was that I was amongst my peers. No matter how old, what gender, or level of experience I never once felt like I was an outsider. Perhaps it’s the uniqueness of the Lodge, or the area, or some other sort of voodoo magic that attracts like minded souls like myself to this remote outpost on the Pacific. Surrounded by natural beauty, it’s easy to get lost in the romance that is Haida Gwaii. It’s not for everyone and it’s most certainly a cold and often wet climate with “summer” highs of 14-15 degrees C and more often than not it’s foggy, windy and misty. But there is magic here. A tangible, almost otherworldly feeling that gets deep into your very core and makes you miss it the minute you step off the plane when you return to civilization.

Sitting in the office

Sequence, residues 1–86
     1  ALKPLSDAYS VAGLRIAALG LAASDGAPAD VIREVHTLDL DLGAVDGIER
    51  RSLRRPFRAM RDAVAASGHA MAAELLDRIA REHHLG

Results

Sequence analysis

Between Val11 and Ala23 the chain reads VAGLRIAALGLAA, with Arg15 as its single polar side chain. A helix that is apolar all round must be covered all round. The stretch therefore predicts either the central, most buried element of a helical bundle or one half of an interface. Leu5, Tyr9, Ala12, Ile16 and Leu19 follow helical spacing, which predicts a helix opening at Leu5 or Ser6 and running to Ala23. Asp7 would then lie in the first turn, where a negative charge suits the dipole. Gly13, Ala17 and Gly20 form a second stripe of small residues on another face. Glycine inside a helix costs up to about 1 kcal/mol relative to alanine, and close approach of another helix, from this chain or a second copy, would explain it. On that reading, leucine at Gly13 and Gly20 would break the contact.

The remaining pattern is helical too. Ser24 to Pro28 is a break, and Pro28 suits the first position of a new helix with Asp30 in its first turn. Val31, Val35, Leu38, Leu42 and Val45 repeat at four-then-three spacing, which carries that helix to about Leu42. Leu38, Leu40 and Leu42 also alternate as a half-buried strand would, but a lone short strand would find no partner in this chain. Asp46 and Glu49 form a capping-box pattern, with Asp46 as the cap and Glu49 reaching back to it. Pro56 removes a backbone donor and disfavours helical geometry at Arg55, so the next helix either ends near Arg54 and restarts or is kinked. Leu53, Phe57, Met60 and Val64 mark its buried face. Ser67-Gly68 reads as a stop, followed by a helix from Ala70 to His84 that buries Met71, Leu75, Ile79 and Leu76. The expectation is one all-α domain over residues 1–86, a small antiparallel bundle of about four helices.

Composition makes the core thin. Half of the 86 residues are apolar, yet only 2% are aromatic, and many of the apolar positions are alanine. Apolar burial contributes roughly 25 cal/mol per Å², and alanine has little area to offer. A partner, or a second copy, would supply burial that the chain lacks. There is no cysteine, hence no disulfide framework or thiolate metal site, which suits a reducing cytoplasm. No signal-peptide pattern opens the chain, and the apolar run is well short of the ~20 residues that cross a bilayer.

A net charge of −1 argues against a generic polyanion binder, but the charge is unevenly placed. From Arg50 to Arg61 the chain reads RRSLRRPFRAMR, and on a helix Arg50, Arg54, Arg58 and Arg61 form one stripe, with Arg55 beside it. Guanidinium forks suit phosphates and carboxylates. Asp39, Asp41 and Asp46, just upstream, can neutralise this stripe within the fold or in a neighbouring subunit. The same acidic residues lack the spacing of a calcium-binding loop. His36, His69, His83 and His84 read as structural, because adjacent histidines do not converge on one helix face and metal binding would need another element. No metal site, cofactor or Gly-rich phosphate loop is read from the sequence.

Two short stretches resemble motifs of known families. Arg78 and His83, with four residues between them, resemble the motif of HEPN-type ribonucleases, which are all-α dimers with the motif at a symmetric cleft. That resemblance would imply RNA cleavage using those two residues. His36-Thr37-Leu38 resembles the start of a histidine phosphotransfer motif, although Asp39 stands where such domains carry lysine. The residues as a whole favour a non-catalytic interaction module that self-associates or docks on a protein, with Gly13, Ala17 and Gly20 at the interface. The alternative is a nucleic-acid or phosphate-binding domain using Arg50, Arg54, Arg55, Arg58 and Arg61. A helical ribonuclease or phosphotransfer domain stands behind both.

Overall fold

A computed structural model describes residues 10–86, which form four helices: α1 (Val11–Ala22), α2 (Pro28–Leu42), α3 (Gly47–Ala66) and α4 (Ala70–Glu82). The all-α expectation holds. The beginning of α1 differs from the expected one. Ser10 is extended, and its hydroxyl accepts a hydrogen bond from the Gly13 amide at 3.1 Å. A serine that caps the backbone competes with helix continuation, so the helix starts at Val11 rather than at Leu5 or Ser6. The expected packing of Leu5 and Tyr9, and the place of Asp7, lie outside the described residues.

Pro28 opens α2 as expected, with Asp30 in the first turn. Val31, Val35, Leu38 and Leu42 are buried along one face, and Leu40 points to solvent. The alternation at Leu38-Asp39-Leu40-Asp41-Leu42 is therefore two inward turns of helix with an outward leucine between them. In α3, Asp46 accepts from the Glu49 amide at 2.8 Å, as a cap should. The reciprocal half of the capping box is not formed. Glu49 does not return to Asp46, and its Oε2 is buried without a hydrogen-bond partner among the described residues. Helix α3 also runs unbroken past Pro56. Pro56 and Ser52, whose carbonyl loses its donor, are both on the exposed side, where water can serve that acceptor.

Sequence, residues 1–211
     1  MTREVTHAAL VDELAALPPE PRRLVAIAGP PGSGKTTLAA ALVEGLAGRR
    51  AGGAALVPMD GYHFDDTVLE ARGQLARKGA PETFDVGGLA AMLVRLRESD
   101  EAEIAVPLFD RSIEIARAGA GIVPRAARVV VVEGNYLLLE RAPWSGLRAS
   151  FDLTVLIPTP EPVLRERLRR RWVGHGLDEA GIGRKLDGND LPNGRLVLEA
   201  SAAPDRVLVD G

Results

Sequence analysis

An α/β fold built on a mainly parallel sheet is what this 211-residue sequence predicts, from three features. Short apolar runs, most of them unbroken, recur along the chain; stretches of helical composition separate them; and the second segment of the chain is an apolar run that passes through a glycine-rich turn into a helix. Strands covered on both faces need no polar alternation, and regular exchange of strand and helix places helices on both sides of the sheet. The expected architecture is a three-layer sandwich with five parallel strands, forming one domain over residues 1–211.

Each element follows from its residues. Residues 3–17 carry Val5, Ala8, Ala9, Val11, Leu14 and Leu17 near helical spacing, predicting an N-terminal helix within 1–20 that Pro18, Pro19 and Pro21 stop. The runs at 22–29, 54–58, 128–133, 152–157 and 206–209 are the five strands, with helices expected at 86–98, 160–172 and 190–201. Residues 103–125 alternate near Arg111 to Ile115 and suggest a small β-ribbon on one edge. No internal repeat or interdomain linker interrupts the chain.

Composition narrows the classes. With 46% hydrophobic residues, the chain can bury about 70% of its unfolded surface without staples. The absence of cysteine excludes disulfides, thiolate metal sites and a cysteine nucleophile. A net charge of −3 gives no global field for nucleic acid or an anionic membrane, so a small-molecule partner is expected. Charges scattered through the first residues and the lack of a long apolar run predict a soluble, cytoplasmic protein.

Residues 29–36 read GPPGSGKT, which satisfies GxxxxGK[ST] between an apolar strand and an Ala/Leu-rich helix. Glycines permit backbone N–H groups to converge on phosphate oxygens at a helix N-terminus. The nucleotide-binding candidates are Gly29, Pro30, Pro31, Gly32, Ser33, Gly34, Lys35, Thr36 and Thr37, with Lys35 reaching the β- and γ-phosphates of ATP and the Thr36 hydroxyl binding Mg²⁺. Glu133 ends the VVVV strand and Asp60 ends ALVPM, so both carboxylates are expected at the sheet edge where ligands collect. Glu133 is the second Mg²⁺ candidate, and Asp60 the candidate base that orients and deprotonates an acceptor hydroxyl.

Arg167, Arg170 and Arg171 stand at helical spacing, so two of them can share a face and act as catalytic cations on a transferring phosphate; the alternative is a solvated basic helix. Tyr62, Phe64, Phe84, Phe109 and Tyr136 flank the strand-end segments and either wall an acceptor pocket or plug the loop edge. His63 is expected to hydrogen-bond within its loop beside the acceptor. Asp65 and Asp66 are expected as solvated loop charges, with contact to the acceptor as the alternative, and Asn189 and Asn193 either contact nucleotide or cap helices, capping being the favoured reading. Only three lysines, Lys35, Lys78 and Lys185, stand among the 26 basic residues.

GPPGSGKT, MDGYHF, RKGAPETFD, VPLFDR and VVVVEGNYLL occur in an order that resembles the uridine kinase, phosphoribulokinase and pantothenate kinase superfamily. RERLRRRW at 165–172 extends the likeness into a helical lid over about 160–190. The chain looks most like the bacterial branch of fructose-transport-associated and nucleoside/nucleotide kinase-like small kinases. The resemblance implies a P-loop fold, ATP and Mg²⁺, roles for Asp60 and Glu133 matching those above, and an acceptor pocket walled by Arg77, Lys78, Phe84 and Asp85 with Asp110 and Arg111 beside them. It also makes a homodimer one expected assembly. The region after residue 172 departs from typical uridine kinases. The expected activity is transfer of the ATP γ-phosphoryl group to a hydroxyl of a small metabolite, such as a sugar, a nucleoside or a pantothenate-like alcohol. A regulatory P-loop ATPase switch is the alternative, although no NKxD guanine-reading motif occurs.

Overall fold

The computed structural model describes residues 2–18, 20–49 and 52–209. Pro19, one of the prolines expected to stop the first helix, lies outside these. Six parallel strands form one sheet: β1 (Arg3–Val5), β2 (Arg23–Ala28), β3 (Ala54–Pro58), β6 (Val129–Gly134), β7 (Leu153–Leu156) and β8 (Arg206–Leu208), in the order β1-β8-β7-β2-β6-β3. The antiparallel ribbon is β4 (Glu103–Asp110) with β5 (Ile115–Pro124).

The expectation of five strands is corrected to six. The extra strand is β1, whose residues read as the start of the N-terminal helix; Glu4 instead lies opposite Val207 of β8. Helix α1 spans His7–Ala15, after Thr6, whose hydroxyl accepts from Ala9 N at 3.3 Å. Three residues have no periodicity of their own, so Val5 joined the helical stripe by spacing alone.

On my last day at Langara Fishing Lodge, after fishing the morning with my final set of guests, I waited along with the other staff on the dock taking shelter in the Guide Shack as the steady arrival and departure of helicopters signaled the end of another set of guests and heralded the arrival of the next ones. As the last chopper touched down and we all piled in, we were treated to an “extra special” ride on the way back to Masset by the pilot who swooped low and close to a few of the more spectacular landmarks such as Pillar Rock, as well as over some Killer Whales transiting through the area in search of salmon. In my heart I was both happy to be returning home to my wife and step-sons, but also torn at leaving behind the Lodge and all the new friends I had made. It had been an incredible experience and I am supremely grateful I went and for having the opportunity (thanks Suzzanne and Bill!). Knowing that I would be back there again in August this season made the trip out a little less painful, and I can see now why some of the guides and staff have been coming back year, after year. Much like the moss that carpets the ground and the old mans beard that hangs in the trees, this place grows on you.